While showing that older Australians were open to trial and new usage, the survey also showed that those in this age group were displaying an increased confidence in their use of technology as a result of the pandemic.
Thirty-four per cent of those aged 60-plus reported feeling ‘more confident’ with technology than before the COVID-19 outbreak while a further 46 per cent said their confidence had not increased, because they were ‘already confident’.
Among the 23 per cent of over 60s who used a technology for the first time, 56 per cent claimed they were now feeling more confident with technology.
Activities being done online
So what are Australia’s active seniors doing online? ACMA research shows that, in parallel with their uptake of digital devices, more older people are using the internet for a wider variety of activities and tasks.
In May, ACMA released the findings of its The Digital Lives of Older Australians report which looked at how the way active seniors use of online technologies had changed between June 2017 and June 2020.
The findings showed that almost all older people now use email, while banking, viewing video content, and buying goods and services online have increased substantially over the previous four years, to become relatively common behaviours for this age group.
The results showed that 95 per cent of those aged 65-plus used the internet to email in the six months to June 2020 (eight per cent more than during the same period in 2017).
The numbers of active seniors using online banking tools also increased between the two periods, rising from 59 per cent in 2017 to 77 per cent in 2020.
The most pronounced change in usage occurred in online shopping with 20 per cent more active seniors going online to shop in 2020 than four years earlier.
The previous four years had also seen a marked increase in the take-up of online entertainment among older age-groups, the results show.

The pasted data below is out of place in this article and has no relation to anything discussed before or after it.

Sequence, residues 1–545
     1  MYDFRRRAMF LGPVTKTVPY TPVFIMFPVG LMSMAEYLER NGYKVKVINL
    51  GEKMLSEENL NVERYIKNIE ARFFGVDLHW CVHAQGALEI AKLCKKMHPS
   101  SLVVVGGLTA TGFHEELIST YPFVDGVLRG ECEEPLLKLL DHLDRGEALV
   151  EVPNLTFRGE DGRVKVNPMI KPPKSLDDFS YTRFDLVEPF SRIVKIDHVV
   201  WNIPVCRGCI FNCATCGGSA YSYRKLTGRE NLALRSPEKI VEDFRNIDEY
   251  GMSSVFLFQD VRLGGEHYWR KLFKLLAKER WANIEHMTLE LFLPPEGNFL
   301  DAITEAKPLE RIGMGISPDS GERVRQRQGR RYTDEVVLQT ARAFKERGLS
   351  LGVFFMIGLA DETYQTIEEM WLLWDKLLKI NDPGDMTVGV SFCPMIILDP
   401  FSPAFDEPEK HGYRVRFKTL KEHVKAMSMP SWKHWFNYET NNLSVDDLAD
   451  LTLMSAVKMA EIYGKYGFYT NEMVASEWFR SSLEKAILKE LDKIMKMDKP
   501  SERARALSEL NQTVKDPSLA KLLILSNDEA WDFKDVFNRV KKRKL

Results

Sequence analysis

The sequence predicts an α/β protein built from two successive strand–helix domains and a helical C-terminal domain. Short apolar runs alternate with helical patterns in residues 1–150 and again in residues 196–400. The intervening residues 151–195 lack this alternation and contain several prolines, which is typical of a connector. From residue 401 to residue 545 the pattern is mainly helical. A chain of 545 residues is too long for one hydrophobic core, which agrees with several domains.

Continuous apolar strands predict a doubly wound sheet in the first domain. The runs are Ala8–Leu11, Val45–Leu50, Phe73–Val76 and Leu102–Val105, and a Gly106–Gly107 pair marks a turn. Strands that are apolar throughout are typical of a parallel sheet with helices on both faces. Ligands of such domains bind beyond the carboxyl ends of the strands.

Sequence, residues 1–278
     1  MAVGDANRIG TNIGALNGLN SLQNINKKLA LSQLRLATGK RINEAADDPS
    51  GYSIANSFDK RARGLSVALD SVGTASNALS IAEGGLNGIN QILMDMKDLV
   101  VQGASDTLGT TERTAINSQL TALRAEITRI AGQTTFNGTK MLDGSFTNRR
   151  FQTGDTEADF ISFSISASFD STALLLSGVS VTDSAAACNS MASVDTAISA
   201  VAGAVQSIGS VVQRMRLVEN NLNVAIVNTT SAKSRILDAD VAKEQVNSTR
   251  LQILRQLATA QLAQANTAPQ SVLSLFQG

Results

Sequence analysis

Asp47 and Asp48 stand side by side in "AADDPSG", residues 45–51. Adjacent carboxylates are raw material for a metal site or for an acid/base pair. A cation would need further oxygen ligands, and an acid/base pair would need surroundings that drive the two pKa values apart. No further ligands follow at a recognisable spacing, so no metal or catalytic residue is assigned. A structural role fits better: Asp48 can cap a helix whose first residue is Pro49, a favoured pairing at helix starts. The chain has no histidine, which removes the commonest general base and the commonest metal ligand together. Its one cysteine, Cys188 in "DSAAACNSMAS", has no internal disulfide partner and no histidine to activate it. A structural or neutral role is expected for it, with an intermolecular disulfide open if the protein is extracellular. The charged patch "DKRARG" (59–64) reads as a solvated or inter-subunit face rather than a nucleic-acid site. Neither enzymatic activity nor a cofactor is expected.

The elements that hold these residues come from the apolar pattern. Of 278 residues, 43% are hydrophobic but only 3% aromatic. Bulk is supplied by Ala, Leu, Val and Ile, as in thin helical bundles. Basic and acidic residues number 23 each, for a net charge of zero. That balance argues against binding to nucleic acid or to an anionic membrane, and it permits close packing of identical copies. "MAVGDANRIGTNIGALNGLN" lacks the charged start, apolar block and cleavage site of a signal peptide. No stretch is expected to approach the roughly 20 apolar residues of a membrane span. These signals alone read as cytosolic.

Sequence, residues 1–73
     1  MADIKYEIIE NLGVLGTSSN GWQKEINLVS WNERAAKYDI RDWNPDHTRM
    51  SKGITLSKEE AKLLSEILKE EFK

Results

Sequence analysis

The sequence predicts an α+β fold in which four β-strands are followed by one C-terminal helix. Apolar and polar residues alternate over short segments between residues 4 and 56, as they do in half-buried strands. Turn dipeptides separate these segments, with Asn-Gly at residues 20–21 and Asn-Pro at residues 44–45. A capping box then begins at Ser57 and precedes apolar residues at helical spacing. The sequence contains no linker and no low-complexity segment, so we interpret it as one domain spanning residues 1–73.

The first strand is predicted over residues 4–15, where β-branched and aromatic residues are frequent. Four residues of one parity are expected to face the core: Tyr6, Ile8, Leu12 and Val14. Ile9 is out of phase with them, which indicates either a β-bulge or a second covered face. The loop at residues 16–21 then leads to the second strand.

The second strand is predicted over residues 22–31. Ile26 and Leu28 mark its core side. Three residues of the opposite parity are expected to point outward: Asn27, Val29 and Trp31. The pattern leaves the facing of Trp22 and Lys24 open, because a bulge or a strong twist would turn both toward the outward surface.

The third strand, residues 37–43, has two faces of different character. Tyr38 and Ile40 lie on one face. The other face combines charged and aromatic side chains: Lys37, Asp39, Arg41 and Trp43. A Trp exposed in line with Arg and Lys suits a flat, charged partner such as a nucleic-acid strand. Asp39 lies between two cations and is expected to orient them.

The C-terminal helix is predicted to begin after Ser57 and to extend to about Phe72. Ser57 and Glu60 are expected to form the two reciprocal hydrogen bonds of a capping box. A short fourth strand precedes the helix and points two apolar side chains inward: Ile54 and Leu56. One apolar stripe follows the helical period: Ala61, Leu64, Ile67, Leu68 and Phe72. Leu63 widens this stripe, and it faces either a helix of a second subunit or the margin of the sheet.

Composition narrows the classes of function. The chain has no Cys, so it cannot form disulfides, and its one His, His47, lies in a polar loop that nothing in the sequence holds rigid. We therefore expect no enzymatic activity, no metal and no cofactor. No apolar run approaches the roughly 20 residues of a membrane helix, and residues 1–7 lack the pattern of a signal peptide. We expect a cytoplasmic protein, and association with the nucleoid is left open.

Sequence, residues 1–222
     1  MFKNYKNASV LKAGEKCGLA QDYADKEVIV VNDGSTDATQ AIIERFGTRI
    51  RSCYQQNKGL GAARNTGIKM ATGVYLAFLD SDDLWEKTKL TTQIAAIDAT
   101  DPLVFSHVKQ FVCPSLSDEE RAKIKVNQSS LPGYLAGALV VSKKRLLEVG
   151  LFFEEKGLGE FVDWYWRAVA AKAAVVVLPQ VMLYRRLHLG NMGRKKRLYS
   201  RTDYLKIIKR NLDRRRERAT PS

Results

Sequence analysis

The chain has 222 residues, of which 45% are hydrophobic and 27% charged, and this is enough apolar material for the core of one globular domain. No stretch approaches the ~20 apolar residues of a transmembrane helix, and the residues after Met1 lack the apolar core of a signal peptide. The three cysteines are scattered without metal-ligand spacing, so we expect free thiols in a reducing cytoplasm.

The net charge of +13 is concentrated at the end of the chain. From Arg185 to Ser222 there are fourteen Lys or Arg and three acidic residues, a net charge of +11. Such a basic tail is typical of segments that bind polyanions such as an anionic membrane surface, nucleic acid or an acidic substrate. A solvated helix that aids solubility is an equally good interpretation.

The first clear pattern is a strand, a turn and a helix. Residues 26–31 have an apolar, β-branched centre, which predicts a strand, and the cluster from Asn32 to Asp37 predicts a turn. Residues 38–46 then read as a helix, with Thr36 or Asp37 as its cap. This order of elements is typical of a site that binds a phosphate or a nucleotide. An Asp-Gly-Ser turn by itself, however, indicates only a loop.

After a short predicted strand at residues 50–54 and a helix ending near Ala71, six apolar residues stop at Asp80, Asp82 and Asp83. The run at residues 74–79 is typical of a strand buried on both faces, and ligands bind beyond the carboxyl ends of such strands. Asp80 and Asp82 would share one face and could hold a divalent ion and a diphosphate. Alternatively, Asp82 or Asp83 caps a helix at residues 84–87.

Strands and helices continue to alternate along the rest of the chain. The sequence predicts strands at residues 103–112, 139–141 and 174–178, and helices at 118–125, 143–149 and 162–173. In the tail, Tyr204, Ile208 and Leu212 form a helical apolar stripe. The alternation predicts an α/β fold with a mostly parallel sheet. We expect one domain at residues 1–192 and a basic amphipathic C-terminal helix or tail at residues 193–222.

Streaming services also better utilised
However, it wasn’t only for everyday tasks where online usage was going up.
The results showed that the proportion of those using online subscription services, catch-up television, online platforms like YouTube, and free video content has also risen considerably since our pre-pandemic years.
The report shows that the proportion of older people streaming content on devices has more than doubled since 2017, with seven in ten streaming content at June 2020 compared to the same period four years earlier.
Their use of subscription or pay-per-view services also increased in 2020, to 61 per cent, up from 36 per cent in the corresponding period in 2017.
ABC iView remained the leading catch-up TV service, accessed by 87 per cent of Australians aged 65-plus, followed by SBS On Demand which was accessed by 59 per cent of those in this age group.
Interestingly, while their behaviours have changed considerably, the research shows older people’s views of the digital world remain circumspect.
ACMA’s various reports say that the majority of people in this demographic continue to feel overwhelmed by technological change, and may be largely unmotivated to find out more.
“Their engagement in online environments appears to have been prompted by perceived (or actual) necessity, rather than by seeing benefits in ‘going online’ or feeling confident about doing so.
“This research suggests that older people may be feeling somewhat ‘forced’ online – a situation that may have been accelerated by the pandemic, but also by the increasing digitisation of life in general.”
ACMA says that this highlights the importance of supporting active senior’s digital literacy and providing them with the skills to navigate what can be confusing and potentially risky environments.
“In this way, not only will they use the internet, but they can engage with the digital world safely and confidently.”
Looking for more articles like this one?
Click the button below to get your FREE copy of the latest issue of Chapter, our retirement lifestyle magazine.